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Let's go home, Debbie: Jenna Boyd and Cate Blanchett in 'The Missing'
Columbia Pictures

I don't know what's more offensive here: director Ron Howard's idea of a 21st-century Western or the fact that Cate Blanchett can't seem to land a part in a movie worthy of her skills. Is it simply that Paltrow and Kidman have everything blonde and important locked up? (In a parallel universe, Cate lends an androgynous edge to the girl playing the boy in Shakespeare in Love, and fills The Hours' Virginia Woolf with cool deliberation--no need for a prosthesis!) I worry that hanging with the likes of Bruckheimer and Howard will either cull sentimentality from Blanchett's subtlety or deaden that shifting face into a dull mask (shades of Captain Crowe). Bad judgment can be contagious--The Missing being exhibit A.

It's 1885 New Mexico, and Maggie Gilkeson (Blanchett), a ranch-owner, healer, and single mother of two girls, is ordering her prodigal father Samuel Jones (Tommy Lee Jones in a long gray wig) off her land. When Maggie was a mere child, Samuel deserted her, along with her mother and brother, to "go Indian"; two early deaths and a premature loss of innocence later, Maggie won't forgive and forget. Meanwhile, the U.S. Army has just hung an Apache chief--a perfidy, the movie self-consciously assures us, that inspires an Apache uprising. A roving band of former Apache army guides and white deserters viciously murders Maggie's hired hands, one of whom (Aaron Eckhart) she was sleeping with. The nasty guys also take Maggie's oldest girl (Evan Rachel Wood) to sell to pimps in Mexico. Maggie retrieves Samuel, and they're off, cute tomboy Dot (Jenna Boyd) in tow.

The Missing is The Searchers with a "politically correct" makeover: The party in pursuit is two-thirds female and one-third Indian wannabe (with an assist from two Apaches); the raiding party is led by an Apache witch (Eric Schwig), and includes bad Apaches and whites; and the bad Apaches are only bad because whites fucked 'em over. (The prospective fallen women include whites and Apaches both.) In a further gesture of respect toward Native Americans, Apache totems trump silver Christian crosses in a face-off against Apache witchery. And an Apache warrior gets to die tragically so a stupid white girl can learn a lesson about bigotry. The new Western indeed!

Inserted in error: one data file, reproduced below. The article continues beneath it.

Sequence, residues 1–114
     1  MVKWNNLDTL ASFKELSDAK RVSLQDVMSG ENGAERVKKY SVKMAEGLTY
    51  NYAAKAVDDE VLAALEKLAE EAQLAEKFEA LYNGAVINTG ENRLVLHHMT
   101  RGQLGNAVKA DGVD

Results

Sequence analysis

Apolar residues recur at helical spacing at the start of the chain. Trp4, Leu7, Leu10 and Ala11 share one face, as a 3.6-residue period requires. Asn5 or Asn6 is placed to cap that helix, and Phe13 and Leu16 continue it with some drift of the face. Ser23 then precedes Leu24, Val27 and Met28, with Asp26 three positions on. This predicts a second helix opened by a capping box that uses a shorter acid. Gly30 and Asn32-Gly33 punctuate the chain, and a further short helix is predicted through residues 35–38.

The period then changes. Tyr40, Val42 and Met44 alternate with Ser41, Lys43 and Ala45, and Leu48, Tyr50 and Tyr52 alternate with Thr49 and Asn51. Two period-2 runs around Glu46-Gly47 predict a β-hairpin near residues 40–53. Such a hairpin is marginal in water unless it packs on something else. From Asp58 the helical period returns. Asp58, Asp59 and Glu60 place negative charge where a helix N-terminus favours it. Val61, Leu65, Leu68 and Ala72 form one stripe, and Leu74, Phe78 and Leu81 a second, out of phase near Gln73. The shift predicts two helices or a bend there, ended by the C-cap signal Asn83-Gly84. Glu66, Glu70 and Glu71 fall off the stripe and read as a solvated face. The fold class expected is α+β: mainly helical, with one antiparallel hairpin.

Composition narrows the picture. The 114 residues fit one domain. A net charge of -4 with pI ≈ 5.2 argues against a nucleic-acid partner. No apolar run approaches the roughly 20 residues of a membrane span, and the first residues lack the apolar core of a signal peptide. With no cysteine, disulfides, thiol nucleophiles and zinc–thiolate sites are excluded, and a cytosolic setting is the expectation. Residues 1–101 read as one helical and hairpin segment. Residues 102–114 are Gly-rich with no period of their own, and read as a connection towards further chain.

As for the action: Underneath the pretty costuming and mystical hooey, it's hunt and be hunted, over and over again. I don't know about you, but I've seen enough horses climbing and plunging through Southwestern desertscapes, then turning around and climbing and plunging back, then turning around and climbing and... The Missing purports to concern the healing of a father-daughter rupture; it wants to be the sensitive daddy Western that the long-lost female audience will embrace. Yet its tone is curiously flat. I mean, what's really at stake (besides the horses' knees)? The script hints at the enormous losses of life and land coming to the Apaches, but what's important to Howard is one white family's psychodramas. And despite plucky Cate and clownish Tommy, these characters remain one-dimensional and flavorless.

Howard even places Maggie next to a group of Apache prisoners for a long shot--as if their burdens were somehow equivalent. Samuel's wanderlust is aligned with the nomadic culture of the Apaches--as though their imminent corralling were similarly tragic. In other words, The Missing is just another user--and not even an honest one. For all the mixed-race groupings and sympathetic gestures, the drama still centers on pure white girl skin and the evil dark men who would besmirch it. Should I allow myself to be captivated again by that transparent lie, that old rationalization for brown-skinned people's abduction and murder, because now white girls get to "free" themselves?

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